A pioneering project bringing organisations together to better manage East Anglia’s precious water resources is entering a new stage.
Water Resources East (WRE) has been established as a not-for-profit, independent company, five years after it was formed by Anglian Water alongside representatives from other water companies, the Environment Agency, local authorities and organisations including the NFU.
The NFU is hosting the inaugural meeting of WRE’s board at its regional office in Newmarket on Monday (24 June 2019). Lindsay Hargreaves, chairman of the Lark Abstractor Group and Managing Director of Frederick Hiam Ltd is representing the NFU and the farming community on the board.
Dr Robin Price, Interim Managing Director for WRE said: “WRE is one of the most collaborative and ambitious projects of its kind.
"It draws together neighbouring water companies, the agricultural community, local authorities, the energy sector, environmental NGOs and regulators to plan together for the future management of water across Eastern England in the decades to come."
The new-look WRE is a collaborative partnership comprising Anglian Water, Affinity Water, Cambridge Water, Essex and Suffolk Water, Severn Trent, the NFU, RWE Generation, Lincolnshire County Council and Suffolk Growth Programme Board (on behalf of all local authorities in Suffolk and Norfolk County Council).
The financial contribution being made by the NFU to WRE is being supported by abstractor groups BAWAG (Broadland) and ESWAG (East Suffolk).
NFU National Water Resources Specialist Paul Hammett said: "The food and farming sector in Eastern England makes a significant contribution to the region’s economy, and to the nation’s food supply.
"However, a secure supply of water is a vital ingredient for both food production and manufacturing. WRE will ensure that water for food isn’t overlooked as we tackle the challenge of managing water demand and supply for all."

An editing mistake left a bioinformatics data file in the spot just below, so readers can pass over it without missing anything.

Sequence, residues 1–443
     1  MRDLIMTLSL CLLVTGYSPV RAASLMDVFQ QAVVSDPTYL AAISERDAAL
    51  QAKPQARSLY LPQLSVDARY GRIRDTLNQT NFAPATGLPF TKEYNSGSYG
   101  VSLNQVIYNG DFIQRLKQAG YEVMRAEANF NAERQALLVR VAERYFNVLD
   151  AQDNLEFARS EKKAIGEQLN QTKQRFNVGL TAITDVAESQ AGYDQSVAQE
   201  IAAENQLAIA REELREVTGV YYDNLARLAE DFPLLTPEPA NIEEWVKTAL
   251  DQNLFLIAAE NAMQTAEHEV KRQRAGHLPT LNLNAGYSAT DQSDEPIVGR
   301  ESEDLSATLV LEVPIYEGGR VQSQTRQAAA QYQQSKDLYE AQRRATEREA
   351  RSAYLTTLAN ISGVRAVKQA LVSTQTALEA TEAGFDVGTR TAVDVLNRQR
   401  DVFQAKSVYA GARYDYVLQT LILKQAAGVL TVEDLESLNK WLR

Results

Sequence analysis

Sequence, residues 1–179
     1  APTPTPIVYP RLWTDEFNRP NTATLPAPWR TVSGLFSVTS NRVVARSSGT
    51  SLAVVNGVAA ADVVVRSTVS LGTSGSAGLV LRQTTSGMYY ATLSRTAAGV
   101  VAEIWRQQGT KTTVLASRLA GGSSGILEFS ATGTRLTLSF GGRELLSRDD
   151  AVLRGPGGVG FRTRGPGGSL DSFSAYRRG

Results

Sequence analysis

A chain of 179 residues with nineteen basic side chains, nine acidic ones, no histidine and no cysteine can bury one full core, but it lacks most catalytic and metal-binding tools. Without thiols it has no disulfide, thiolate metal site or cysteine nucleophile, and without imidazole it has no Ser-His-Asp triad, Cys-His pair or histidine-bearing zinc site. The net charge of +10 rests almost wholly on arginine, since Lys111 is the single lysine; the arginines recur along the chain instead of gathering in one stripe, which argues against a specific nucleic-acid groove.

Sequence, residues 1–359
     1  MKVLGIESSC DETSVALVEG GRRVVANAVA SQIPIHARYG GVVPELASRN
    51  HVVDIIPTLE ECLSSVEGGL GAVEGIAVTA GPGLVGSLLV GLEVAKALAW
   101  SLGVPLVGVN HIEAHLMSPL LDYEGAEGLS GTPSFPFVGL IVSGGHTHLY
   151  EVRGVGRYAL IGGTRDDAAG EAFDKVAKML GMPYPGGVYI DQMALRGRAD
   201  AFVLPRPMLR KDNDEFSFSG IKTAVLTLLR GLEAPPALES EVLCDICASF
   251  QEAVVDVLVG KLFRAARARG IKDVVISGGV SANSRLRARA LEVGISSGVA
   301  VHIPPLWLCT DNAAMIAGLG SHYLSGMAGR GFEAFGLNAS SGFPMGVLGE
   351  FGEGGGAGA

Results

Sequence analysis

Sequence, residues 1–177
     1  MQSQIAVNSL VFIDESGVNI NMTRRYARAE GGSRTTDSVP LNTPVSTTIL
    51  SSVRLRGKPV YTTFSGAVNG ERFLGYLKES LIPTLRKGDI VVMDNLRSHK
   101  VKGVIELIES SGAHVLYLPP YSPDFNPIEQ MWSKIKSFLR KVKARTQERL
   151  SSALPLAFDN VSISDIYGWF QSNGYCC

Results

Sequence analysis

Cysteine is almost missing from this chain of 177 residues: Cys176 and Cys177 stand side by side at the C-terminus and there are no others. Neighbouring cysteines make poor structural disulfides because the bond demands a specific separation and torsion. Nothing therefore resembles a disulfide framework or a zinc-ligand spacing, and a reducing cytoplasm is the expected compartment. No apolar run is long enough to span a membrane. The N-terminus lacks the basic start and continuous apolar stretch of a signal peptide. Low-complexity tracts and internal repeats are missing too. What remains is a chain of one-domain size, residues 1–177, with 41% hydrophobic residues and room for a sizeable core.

The next phase of WRE’s work will focus on the delivery of pilot projects within water-stressed catchments. These pilots will focus on the links between land management and water management and will seek to maximise, and account for, environmental and Natural Capital benefits.
As part of one set of pilots, landowners will be encouraged to develop multi-sector water storage reservoirs, capturing excess water from winter rainfall and floods.
This water could then be used to benefit the whole regional economy to bolster the region's water supply, support agriculture, enhance fenland conservation and reduce flood risk.
These new reservoirs will be supported by further interconnecting pipes to enable water to be moved around the region, irrespective of water company boundaries.
Mr Hammett said: "The NFU hopes the successful delivery of local schemes, under this new phase of WRE, can be used as case studies to inspire farmers across the Eastern England to get involved with their own local ‘joined up’ water management projects."